Novel, Industrial Scale Production of Single Wall Carbon Nanotubes Using Plasma
O. Smiljanic, F. Larouche and B.L. Stansfield
Raymor Industries, CA
nanotubes, swcnt, cnt, cswnt, c-swnt, plasma
An environmentally-friendly process has been developed which is a breakthrough in the production of single wall carbon nanotubes (C-SWNT), based on a global study of the parameters and mechanisms involved in the synthesis of C-SWNT. The problems of cost and availability of sufficiently large quantities of C-SWNT limit the level of development of any industrial application. Previously, laboratory-scale microwave plasma torches[1,3] have been used, where a carbon containing gas (methane) and molecular iron catalyst precursor (ferrocene) are atomized by the plasma and condense in a furnace where the growth of the C-SWNT takes place. In doing so, it is possible to control and to fine-tune all the parameters involved in the C-SWNT production, with all the advantages of the preceding techniques without the drawbacks. The main challenge was to adapt these developed principles to an industrial scale process, in order to produce large quantities of high quality C-SWNT, cost-effectively. The process can now produce continuously several kilograms of C-SWNT with a high purity and with an online quality monitoring. The efficiency is very high (200 kWh/kg), opening the way to the use of C-SWNT in everyday objects, like airplanes, cars or batteries.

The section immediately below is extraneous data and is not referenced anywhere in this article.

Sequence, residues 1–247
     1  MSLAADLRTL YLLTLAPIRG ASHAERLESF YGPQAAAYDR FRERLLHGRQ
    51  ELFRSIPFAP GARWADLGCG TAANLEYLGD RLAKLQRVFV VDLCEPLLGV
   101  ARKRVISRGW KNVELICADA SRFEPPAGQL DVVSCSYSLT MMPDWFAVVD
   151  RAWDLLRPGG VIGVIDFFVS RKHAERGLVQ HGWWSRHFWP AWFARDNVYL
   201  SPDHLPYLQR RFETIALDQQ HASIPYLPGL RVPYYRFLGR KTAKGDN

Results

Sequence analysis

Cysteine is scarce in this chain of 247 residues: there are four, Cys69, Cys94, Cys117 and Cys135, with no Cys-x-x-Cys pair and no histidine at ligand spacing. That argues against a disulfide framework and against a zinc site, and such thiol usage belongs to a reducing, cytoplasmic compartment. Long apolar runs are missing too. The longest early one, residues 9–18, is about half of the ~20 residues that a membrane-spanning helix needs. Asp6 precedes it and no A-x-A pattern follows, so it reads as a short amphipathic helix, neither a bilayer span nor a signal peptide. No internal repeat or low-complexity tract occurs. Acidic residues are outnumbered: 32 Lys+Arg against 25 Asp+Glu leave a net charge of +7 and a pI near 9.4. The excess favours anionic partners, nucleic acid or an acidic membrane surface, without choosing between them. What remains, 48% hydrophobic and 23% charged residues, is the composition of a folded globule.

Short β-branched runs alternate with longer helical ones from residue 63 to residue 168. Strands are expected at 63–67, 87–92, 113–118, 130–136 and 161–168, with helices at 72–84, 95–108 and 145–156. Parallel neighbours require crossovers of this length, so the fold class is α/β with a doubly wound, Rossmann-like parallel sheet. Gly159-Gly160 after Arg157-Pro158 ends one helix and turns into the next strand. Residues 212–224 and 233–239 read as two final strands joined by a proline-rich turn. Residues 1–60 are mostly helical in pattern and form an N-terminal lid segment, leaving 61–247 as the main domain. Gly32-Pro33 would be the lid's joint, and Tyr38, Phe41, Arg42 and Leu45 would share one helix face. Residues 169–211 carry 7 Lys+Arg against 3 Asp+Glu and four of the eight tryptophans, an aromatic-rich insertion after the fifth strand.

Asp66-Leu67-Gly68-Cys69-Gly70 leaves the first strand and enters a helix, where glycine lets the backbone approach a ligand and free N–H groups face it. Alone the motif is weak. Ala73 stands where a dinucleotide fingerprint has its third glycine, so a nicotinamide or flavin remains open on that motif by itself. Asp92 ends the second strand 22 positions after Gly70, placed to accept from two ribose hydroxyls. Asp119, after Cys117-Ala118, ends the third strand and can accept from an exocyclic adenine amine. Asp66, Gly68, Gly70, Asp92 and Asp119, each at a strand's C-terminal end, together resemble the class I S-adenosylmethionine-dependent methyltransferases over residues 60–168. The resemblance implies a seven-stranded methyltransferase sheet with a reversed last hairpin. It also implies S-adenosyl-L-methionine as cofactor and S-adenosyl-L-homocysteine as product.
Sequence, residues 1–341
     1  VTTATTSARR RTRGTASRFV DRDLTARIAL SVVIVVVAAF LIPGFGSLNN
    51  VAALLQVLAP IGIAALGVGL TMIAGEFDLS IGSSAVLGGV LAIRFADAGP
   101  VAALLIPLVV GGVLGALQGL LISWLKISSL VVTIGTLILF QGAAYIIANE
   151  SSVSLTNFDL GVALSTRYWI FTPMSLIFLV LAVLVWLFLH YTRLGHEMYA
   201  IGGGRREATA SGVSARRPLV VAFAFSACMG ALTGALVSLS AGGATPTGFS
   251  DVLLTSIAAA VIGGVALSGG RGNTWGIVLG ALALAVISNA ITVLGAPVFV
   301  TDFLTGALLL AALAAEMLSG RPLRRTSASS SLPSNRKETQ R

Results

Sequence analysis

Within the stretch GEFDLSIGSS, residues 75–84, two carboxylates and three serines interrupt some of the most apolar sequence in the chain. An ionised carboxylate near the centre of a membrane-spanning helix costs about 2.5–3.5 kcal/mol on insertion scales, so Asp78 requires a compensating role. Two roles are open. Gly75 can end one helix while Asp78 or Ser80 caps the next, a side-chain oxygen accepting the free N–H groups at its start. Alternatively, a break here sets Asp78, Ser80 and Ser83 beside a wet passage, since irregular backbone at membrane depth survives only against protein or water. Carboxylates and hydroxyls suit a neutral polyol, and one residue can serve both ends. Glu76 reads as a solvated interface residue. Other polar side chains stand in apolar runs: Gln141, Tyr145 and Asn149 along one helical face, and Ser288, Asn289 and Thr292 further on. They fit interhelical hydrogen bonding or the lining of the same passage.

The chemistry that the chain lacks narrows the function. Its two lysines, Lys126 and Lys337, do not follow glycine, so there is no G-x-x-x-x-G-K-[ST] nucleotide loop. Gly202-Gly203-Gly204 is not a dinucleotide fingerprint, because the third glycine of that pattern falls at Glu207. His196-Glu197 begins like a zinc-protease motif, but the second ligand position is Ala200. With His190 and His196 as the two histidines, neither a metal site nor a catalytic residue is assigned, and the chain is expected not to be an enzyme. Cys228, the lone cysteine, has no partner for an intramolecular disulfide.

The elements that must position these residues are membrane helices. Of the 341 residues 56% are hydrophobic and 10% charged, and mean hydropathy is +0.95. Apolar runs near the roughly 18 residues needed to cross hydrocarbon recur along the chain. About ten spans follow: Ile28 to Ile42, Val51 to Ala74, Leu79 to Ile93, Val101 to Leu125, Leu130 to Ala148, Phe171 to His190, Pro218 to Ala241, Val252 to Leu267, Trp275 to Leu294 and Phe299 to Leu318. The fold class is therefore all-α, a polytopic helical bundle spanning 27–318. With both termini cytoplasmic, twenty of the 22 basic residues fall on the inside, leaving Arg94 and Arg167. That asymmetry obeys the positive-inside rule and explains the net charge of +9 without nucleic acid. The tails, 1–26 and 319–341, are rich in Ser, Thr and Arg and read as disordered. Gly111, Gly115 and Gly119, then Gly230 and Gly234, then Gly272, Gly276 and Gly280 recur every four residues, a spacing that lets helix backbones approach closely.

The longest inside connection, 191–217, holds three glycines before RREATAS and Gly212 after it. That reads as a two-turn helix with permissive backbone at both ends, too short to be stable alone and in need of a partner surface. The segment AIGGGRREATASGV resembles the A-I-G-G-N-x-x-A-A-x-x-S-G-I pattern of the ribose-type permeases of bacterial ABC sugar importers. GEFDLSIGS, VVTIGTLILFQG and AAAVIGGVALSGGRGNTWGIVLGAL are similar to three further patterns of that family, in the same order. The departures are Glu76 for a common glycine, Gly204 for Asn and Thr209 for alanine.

Back to Program
Nanotech 2006 Conference Program Abstract